No marriage, no child

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No marriage, no child

Television personality Sayuri Fujita reveales that she had a child via a sperm donation, without getting married. [KBS]

Television personality Sayuri Fujita reveales that she had a child via a sperm donation, without getting married. [KBS]

The author is the head of the financial planning team of the JoongAng Ilbo.

“The trend among young people is not to have children. If a woman in her 20s says she wants to have children, her friends will be surprised and say, ‘Why? Are you sure?’”

Sogang University economics Prof. Kim Young-chul claimed that young people perceive childbirth as an unreasonable choice. Statistics confirm this. In the Korea Development Institute’s (KDI) research survey on low fertility in March, 55 percent of women in their late 20s responded that they have no intention of having children.

Why? Kim and the research team expected responses including housing, education, child care or work-related issues. But the outcome was completely different. Of the respondents, 48 percent said they didn’t intend to get married at all, and 30 percent said their future was unstable. It was a shocking outcome that could not be interpreted easily. “A whole new world is unfolding. The situation in this group is beyond the understanding of the older generation,” Kim said.

“It is an instinct to want to live with someone you love. But I don’t want the burden of a family. What if you choose to live together without getting married? I cannot imagine having children without getting married. I don’t have the courage to become an unmarried parent and ruin my life. So I don’t want to get married or have children.” This is the representative mindset of a society with a low fertility rate.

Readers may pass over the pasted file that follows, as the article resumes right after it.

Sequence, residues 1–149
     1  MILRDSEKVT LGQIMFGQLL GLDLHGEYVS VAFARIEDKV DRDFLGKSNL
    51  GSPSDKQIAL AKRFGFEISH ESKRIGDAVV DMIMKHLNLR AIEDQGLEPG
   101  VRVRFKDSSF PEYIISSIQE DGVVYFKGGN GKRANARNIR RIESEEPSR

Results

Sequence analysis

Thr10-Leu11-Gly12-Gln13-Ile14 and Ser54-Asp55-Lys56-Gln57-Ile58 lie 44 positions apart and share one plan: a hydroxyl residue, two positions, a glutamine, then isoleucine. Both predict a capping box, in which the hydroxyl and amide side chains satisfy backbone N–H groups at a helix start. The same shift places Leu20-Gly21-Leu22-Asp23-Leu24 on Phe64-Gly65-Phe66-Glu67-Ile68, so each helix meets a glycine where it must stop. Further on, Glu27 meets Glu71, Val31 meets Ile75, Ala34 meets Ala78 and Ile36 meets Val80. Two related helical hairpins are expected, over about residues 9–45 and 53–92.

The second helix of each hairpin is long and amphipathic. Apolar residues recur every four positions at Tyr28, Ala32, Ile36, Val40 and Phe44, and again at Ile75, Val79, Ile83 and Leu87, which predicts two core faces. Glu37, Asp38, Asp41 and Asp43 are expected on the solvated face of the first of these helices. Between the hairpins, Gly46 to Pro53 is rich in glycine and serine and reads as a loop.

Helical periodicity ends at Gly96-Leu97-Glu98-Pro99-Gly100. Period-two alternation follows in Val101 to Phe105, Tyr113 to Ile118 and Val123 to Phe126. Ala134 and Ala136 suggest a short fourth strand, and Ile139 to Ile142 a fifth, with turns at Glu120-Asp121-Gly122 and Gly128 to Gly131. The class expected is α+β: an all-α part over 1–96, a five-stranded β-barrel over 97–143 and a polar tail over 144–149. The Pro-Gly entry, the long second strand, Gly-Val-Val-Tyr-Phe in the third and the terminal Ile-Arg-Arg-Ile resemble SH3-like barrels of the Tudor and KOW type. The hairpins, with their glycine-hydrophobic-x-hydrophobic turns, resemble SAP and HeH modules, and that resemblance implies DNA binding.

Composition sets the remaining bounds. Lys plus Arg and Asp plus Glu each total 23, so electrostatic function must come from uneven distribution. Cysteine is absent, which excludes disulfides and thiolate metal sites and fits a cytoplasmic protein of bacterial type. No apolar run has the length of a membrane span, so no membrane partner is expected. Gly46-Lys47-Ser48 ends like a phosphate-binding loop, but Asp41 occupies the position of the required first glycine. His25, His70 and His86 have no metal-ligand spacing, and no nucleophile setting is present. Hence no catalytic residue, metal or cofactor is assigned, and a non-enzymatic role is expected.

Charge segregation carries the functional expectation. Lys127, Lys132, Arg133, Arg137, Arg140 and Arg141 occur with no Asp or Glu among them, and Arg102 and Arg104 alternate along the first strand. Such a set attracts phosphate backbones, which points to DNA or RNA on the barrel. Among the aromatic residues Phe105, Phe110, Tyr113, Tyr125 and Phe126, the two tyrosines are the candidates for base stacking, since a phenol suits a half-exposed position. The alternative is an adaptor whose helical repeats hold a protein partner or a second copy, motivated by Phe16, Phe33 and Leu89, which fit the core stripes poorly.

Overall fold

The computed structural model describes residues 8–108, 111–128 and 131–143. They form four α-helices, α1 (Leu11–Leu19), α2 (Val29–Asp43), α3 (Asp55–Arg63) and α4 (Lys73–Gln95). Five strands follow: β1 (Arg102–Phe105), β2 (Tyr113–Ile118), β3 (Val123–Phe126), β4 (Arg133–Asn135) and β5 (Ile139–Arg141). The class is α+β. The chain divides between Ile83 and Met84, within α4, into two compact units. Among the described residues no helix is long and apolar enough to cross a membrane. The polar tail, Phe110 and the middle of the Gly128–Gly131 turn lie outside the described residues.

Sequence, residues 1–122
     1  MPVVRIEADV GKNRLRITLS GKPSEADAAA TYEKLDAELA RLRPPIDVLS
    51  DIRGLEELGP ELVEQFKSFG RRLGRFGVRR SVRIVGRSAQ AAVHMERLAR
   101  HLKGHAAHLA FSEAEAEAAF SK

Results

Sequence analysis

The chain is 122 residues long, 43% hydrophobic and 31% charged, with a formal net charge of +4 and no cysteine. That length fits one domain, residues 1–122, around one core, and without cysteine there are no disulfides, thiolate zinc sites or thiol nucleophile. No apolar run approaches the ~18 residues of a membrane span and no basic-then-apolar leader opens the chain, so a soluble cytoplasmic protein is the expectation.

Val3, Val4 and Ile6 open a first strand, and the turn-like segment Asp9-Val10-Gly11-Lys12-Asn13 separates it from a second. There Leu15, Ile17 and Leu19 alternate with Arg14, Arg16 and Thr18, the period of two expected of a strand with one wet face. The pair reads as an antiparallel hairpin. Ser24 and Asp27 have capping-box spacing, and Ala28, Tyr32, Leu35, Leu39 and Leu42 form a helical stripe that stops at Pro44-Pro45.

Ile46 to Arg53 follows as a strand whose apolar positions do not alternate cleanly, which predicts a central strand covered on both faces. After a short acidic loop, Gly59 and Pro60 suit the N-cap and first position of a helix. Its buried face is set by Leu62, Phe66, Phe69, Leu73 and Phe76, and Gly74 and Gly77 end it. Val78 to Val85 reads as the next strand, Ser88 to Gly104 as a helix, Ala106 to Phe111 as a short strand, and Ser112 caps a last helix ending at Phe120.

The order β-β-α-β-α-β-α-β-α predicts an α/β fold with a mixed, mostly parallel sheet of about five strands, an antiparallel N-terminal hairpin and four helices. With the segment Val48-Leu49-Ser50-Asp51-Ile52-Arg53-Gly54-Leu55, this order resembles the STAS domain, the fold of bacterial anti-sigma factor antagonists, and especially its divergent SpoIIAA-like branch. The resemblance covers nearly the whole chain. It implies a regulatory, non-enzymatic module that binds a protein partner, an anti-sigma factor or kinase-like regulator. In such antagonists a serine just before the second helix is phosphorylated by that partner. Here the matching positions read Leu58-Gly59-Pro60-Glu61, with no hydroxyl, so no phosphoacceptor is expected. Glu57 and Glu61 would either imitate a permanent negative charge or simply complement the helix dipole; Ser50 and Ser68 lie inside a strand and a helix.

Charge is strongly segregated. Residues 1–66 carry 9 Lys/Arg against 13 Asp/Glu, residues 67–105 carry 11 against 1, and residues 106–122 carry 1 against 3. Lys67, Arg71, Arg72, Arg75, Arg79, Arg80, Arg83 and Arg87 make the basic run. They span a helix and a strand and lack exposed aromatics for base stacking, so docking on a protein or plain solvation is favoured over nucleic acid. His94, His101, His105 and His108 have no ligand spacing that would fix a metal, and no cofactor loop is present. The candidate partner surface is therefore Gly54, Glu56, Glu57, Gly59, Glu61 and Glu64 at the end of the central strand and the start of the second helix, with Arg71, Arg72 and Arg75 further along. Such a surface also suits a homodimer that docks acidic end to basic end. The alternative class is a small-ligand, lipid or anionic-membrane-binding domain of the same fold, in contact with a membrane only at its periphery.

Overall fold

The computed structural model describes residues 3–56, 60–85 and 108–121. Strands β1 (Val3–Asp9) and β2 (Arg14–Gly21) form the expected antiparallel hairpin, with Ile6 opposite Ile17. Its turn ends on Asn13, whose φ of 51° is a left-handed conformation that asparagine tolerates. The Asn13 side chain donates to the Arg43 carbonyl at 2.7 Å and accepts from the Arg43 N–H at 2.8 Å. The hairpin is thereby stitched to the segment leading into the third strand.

Television personality Sayuri Fujita recently revealed that she had a child via a sperm donation. She sent a message that she could become a happy mother on her own without getting married.

Is this a chance to break the negative perception of childbirth? It’s likely insufficient to make people change their minds and consider having children. In many aspects, Sayuri is not an average young woman.

Singlehood is an undeniable global trend. How about devising policies to encourage people to have and raise children alone? KDI’s report on the increasing number of single people and the super low fertility rate discussed this issue nine years ago. The study was criticized for suggesting unmarried partnerships and births outside of marriage. Kim, who wrote that report, said, “The government can no longer encourage marriage because housing prices have increased too much. It is time to systematically acknowledge unmarried household types.”
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